Tag: Athens

Contributor Post Created with Sketch. A War Easier to Start than End

 

Professor Paul Rahe, of Hillsdale College, is writing a multi-volume study of Sparta’s grand strategy during the Fifth Century BC. The first book “The Grand Strategy of Classical Sparta: The Persian Challenge” looked at Sparta during the Persian War.

“Sparta’s Second Attic War: The Grand Strategy of Classical Sparta, 446-418 B. C,” by Paul A. Rahe continues his study of the Peloponnesian Wars. The third volume in the series, it examines the second phase of the war between Sparta and Athens, fought between 431 and 421 BC.

Contributor Post Created with Sketch. The Perils of Peacemaking

 

“It is much easier to initiate a war than to end one.” With this sentence, I begin both my most recent book — Sparta’s Second Attic War — and a blogpost put up this morning on the Yale University Press site.

The point of the latter is simple enough: the settlement imposed at the end of one war — say, the First World War — often lays the foundation for the next war, and that is what happened not only at the end of Sparta’s First Attic War, but also at the end of the First Punic War, the War of the League of Augsburg, and, yes, the Cold War.

Recommended by Ricochet Members Created with Sketch. Battle of Athens: The Forgotten History of the Tennessee Rebellion Against Local Government

 

The fight for civil rights in America is not limited to black Americans. Nor is the American Revolution limited to the 1700s. Case in point: The Battle of Athens. This was a pitched physical confrontation lasting two days in 1946, but with roots stretching back into the 1930s. It is part of an overall pan-racial resistance to anti-democratic government forms throughout the United States – and an oft-forgotten moment in American history.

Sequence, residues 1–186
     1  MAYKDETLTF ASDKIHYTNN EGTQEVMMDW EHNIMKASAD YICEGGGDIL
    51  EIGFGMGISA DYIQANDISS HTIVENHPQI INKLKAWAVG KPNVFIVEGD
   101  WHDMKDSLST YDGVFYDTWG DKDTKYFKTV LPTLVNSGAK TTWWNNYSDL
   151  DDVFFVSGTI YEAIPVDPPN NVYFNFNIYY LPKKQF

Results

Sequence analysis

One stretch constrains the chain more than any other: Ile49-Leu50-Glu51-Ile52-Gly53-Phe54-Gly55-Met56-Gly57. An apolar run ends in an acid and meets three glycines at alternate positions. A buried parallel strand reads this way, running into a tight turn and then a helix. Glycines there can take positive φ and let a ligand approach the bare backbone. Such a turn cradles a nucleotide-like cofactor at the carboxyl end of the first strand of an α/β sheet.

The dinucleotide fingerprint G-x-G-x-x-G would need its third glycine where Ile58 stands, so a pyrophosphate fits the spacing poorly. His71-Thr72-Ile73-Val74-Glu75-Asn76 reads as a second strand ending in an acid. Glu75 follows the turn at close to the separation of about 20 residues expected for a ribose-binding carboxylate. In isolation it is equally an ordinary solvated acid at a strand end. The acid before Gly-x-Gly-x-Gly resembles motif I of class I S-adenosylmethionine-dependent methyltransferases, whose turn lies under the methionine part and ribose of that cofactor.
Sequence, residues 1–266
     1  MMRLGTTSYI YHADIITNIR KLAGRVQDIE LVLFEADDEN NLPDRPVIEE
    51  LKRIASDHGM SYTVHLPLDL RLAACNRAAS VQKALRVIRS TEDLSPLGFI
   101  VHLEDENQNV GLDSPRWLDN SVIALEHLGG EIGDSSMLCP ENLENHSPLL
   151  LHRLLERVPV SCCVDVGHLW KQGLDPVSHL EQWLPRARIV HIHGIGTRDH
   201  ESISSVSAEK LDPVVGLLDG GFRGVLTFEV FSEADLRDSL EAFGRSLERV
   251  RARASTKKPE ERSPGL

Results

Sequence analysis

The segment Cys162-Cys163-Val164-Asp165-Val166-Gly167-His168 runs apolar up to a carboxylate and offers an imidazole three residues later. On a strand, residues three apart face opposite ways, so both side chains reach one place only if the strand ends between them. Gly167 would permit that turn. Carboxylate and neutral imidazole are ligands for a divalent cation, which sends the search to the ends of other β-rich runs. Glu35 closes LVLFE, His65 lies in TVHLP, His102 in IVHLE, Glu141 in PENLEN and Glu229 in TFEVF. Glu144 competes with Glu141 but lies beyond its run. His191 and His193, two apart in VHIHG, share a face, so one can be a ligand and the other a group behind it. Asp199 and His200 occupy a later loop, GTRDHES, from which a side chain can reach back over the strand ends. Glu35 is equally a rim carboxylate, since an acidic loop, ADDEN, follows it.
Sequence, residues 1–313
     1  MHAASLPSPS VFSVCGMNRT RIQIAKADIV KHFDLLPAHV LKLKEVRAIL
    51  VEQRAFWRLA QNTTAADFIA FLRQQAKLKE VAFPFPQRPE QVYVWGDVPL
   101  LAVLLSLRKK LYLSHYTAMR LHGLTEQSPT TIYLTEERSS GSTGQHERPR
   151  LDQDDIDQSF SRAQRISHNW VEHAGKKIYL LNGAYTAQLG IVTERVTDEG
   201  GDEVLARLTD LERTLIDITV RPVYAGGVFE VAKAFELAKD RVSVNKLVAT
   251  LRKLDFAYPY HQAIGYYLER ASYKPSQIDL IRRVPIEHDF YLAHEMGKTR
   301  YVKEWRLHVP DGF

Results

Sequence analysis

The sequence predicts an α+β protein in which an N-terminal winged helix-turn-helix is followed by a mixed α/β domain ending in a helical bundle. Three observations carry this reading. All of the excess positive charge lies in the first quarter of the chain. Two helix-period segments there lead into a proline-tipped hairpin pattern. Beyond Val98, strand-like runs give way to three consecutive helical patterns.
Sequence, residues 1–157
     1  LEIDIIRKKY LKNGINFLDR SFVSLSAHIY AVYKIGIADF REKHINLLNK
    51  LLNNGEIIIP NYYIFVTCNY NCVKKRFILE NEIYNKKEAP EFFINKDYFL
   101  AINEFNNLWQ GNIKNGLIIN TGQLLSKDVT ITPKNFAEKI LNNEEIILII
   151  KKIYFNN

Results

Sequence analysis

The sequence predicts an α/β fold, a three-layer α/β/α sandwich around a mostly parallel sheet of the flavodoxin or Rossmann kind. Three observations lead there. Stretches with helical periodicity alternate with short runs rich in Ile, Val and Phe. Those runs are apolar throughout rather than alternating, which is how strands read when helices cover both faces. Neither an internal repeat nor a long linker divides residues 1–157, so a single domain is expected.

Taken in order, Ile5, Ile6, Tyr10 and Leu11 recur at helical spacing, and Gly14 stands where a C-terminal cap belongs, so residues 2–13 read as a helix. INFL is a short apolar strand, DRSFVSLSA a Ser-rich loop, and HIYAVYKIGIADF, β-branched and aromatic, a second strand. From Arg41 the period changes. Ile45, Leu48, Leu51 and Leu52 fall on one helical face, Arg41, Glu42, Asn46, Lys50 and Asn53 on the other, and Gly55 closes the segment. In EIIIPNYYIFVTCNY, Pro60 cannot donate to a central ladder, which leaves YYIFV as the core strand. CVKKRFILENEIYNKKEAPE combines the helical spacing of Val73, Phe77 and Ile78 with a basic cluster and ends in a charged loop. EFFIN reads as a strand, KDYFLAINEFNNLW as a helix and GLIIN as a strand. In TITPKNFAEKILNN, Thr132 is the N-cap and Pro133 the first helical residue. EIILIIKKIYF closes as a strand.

Member Post

 

In the year 431 B.C., at the conclusion of the first year of the Peloponnesian War, Pericles delivered an oration in honor of the Athenian war dead. What came to be known as Pericles’ Funeral Oration is a fine thing to contemplate on Memorial Day, and I highly recommend it. I first read Thucydides’ account […]

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Contributor Post Created with Sketch. End the Olympics

 
Olympic Rings
Discarded Olympic rings from Beijing sit among garbage and overgrown with weeds.

The 1940 and ’44 Olympic Games were cancelled due to the war. And although she was still rebuilding, London held the first Summer Games afterwards in ’48. The total cost? £761,688. Converted to today’s currency that’s around $10.8 million (US).

Contrast that with 2012 when the Games returned to the same city and it cost in excess of $10 billion. Still the organizers claim they broke even.

Contributor Post Created with Sketch. Member Post

 

The lovely Miss Timpf, National Review’s answer to a question most conservatives have most certainly never asked, but could be tempted, if they’re young enough…, has a new post: A couple somewhere in America started a movement to persuade people not to have sex with Trump-supporters–moving all of less than an hundred people, so far so good. She […]

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Contributor Post Created with Sketch. A Book for the Beach

 

EscapeFromSmyrnaThirty-one years ago this August, I gathered my things, mailed off a multitude of books, and flew on Swissair to Istanbul with a Compaq computer under my feet about the size of a small sewing machine. When I arrived, I loaded two taxis with my stuff and made my way to the Dutch consulate, which was located in the headquarters of the old Dutch East India Company on Istiklâl Caddesi (la grande rue de Pera) in Beyoğlu – where I was slated to stay for a week or so in a hostel run by the Dutch Archaeological Institute while I sought housing.

I had spent six weeks at Princeton taking a crash course in Turkey, and I had read whatever I could get my hands on. But I was a neophyte. Fortunately, I knew a graduate student from the University of North Carolina who was working on a dissertation while in Istanbul; and through him, I had been introduced to a couple of archaeologists who were old hands at dealing with life in the city inaugurated as Byzantium and later renamed Constantinople. So the next evening, I dined in the apartment — nearby in Cihangir — that Charles and Marie-Henriette Gates shared with their two young daughters; and they helped me find an apartment from which, through one window, one could see the Bosporus.